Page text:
There is a lot of controversy today inside the Pro-Life movement about the pill and what it does and does not do. You see, foundational to the Pro-Life movement is the concept that life begins at conception. This has been, and continues to be, at the forefront of the argument of why abortion is murder.
The problem is that we have also been dealt a bit of sleight of hand from doctors and nurses as to what birth control pills do, and what they do not do. You see, the documentation likes to use the term “pregnancy” in its exact definition, but I find that it’s often not the definition that the woman thinks it is.
Birth Control pills (like Plan B, the emergency contraception pill) work in one of two ways. They either prevent the woman from releasing the egg, or they prevent the fertilized egg from attaching to the wall of the uterus and continuing its growth. The first is not a problem for Pro-Lifers, the second one should be. You see, the second means that life was conceived that the woman (using the pill) caused not to be able to survive. She caused her baby to die.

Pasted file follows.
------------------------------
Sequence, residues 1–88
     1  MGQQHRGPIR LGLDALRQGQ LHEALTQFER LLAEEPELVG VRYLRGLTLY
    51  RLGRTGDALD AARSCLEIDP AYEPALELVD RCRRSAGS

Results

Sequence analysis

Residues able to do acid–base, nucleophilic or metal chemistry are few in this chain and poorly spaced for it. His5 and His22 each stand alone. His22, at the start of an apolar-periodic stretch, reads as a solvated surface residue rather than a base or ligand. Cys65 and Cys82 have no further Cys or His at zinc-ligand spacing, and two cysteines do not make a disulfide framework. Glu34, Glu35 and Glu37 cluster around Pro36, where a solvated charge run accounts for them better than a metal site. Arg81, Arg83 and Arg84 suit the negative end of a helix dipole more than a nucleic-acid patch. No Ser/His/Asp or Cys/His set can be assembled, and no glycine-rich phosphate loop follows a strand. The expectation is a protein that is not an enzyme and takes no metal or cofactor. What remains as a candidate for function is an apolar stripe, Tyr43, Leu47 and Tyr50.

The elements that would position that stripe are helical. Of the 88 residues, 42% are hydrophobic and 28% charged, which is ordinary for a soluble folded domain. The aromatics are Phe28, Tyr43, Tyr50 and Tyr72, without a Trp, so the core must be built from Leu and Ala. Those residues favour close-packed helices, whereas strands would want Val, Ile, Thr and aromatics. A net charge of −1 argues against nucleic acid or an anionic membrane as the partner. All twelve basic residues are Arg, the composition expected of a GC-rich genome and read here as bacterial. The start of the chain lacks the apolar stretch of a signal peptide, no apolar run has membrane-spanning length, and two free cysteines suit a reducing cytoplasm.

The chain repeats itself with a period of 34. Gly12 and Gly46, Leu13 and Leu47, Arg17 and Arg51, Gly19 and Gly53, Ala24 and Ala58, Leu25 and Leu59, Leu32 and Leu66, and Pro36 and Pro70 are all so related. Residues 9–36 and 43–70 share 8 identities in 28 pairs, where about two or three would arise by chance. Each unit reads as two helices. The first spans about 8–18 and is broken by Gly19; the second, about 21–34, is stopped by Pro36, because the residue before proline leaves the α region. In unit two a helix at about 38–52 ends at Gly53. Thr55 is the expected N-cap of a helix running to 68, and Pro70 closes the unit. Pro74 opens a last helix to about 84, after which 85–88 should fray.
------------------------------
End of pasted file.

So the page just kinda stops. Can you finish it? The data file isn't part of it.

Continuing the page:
But that’s not what is understood by the women taking the shots, the IUDs and the pill. What is explained to them is that a) the main way these things work is that they prevent the egg from being released and b) that it won’t effect an existing pregnancy. To the women I know, this means that if fertilization happens, the pill won’t effect it, but that understanding is wrong.
A pregnancy is defined by the fertilized egg being attached to the uterine wall– these are not supposed to be effected. There’s no guarantee that you aren’t fertilizing eggs and then preventing them from growing or in other words, killing them. To tell the truth, this isn’t a easy thing– since it means that the person who truly wants to protect life will have to use some other method to control whether they have a child– that is, if they want to remain consistent and what they say is actually what they believe.
(See the process illustrated at Jill Stanek’s Blog)